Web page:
Why It’s Not Good to Bring Your Work Home
Article révisé le 8 June 2017
5 questions for Maude Villeneuve, a workplace mental health expert
Maude Villeneuve is an expert in the strategic prevention of mental health issues in the workplace. She holds a Master’s degree in Industrial Relations and is in the process of completing a PhD in Business Administration at Laval University. She also acts as a lecturer and research professional at the university’s Chair in Workplace Health and Safety Management.
When I sat down with her for an interview recently, I asked about the importance of not taking work home. Her advice on leaving work at the office may be useful to you.
Stéphanie Chrétien: New technologies enable us to work and stay connected to work when we’re at home. What do you think of this trend?
Maude Villeneuve: Modern technological advances are a double-edged sword. On the one hand, they offer undeniable benefits such as the flexibility of being able to do some work at home, which facilitates work-life balance. On the other hand, these technologies can result in blurring of the lines between your private and professional life. Always having access to work when you’re at home makes it hard to switch off, and that is not without consequence… It has an impact on your health and on the organization!
SC: Why is it important to know how to keep our work and our personal life separate?
MV: Don’t underestimate the importance of having some me-time. It allows you to unwind, recharge and decompress after a day of work. When we take work home with us, we don’t pull the plug on our work-related concerns. That really drains our battery and impacts our well-being in the long run. Studies have shown that people who set clear boundaries between their private and professional lives are unquestionably more accepting of their workload, feel less stressed and demonstrate greater engagement toward their organization. When it comes down to it, knowing how to disconnect is beneficial to both the employee and the employer!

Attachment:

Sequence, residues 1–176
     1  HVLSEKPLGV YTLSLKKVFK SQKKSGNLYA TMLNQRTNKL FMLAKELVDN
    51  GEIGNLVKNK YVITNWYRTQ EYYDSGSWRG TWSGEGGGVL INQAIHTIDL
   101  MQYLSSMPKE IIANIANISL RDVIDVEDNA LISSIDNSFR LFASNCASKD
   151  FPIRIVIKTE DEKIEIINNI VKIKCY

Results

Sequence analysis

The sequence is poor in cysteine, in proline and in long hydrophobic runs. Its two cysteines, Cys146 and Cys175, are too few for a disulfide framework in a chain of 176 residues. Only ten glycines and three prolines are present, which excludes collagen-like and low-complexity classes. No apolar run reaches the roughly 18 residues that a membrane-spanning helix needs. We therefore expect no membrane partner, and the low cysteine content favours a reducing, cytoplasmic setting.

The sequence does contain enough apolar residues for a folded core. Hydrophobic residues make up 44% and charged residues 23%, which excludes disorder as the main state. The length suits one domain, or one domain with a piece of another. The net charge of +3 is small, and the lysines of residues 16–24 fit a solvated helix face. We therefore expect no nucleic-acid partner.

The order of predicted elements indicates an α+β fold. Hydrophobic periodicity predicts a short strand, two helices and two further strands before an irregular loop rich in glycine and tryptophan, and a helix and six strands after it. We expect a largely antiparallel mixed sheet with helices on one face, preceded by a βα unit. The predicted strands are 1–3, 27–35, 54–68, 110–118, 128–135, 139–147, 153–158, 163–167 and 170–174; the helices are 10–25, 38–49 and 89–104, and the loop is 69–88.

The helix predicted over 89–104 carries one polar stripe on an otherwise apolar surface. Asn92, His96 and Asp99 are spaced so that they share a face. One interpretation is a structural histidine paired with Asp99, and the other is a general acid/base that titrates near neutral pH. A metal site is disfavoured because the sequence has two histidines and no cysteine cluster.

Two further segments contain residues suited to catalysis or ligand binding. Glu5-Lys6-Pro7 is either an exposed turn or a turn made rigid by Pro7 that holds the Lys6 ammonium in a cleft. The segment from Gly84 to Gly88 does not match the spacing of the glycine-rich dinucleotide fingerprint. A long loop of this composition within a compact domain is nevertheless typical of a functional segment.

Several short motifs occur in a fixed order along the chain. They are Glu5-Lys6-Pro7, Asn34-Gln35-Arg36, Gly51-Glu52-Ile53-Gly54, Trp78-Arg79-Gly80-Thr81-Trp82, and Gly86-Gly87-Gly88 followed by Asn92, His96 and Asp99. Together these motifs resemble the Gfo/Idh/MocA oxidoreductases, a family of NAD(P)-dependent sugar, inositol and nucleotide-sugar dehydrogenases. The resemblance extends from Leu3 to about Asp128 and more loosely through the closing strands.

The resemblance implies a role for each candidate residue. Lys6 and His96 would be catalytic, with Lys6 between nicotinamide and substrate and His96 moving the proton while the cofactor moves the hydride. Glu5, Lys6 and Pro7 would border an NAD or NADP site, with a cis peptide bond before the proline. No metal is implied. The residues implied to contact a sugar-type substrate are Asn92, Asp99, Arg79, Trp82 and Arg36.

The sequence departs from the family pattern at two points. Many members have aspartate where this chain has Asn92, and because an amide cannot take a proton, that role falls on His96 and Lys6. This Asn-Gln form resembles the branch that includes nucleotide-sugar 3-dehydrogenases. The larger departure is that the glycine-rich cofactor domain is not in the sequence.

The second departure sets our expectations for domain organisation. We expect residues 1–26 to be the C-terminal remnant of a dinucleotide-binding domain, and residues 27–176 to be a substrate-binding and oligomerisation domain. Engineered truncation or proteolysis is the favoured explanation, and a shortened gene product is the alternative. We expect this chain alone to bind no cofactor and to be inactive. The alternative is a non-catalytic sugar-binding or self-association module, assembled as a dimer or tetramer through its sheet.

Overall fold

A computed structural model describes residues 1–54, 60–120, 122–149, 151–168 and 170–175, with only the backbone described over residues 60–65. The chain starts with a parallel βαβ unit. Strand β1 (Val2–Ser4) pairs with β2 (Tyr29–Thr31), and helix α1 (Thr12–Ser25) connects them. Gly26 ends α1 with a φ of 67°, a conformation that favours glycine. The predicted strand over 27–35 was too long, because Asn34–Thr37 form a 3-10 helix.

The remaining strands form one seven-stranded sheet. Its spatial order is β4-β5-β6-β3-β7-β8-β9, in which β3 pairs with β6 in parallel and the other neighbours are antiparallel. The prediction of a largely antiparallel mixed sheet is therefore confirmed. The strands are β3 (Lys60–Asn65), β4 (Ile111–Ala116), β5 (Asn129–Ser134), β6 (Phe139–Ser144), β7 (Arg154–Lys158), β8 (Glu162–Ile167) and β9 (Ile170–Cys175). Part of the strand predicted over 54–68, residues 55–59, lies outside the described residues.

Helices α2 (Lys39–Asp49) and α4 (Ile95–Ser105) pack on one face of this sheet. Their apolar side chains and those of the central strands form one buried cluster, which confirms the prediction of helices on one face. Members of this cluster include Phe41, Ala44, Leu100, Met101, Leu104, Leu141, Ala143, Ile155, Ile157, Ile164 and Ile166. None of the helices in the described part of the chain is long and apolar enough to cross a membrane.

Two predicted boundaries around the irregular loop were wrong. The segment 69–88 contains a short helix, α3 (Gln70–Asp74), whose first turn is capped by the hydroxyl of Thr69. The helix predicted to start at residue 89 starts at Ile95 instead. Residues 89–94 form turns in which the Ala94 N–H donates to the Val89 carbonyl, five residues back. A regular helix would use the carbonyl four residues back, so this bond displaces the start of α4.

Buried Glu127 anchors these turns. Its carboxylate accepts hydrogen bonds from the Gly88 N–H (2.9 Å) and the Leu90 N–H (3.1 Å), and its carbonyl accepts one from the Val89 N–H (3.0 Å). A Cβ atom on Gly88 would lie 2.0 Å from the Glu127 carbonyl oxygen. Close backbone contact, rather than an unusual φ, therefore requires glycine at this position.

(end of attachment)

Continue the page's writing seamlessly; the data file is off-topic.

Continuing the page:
SC: How can always being connected to work affect a person’s health?
MV: The psychological and physiological impacts of never-ending connection are the same as those of chronic workplace stress. You increase your risks of depression, anxiety, sleep trouble, cardiovascular diseases, etc. The repercussions for your organization can be very costly in terms of sick leaves, greater staff turnover, diminished performance, etc.
SC: Do you have any tips that can help us disconnect from work?
MV: It all depends on you and your work situation. Some people turn off work-related message notifications after office hours. Others follow a little ritual that helps them unplug mentally: going for a workout, having a cup of tea, reading a chapter in their novel, meditating, etc. There is no magic formula that works for everyone. Just find what works for you. Most importantly, make a point of applying it even during times when you’re busier at work.
SC: You mentioned that employee disconnection from work also benefits employers. What should employers do to encourage their employees to disconnect at the end of the business day?
MV: Employers have a major role to play in promoting disconnection from work when it’s time to go home. Limiting the requirement for employees to take work home with them, even during peak periods, is the first step. Employers must develop clear policies in this regard and ensure that they are integrated into the corporate culture. Management practices must demonstrate evident concern for staff, which represent the organization’s life blood. After all, employees’ long-term inability to unplug from work can prove to be of significant harm and costly.
To find out more about Maude Villeneuve’s work, visit the Chair in Workplace Health and Safety Management website.
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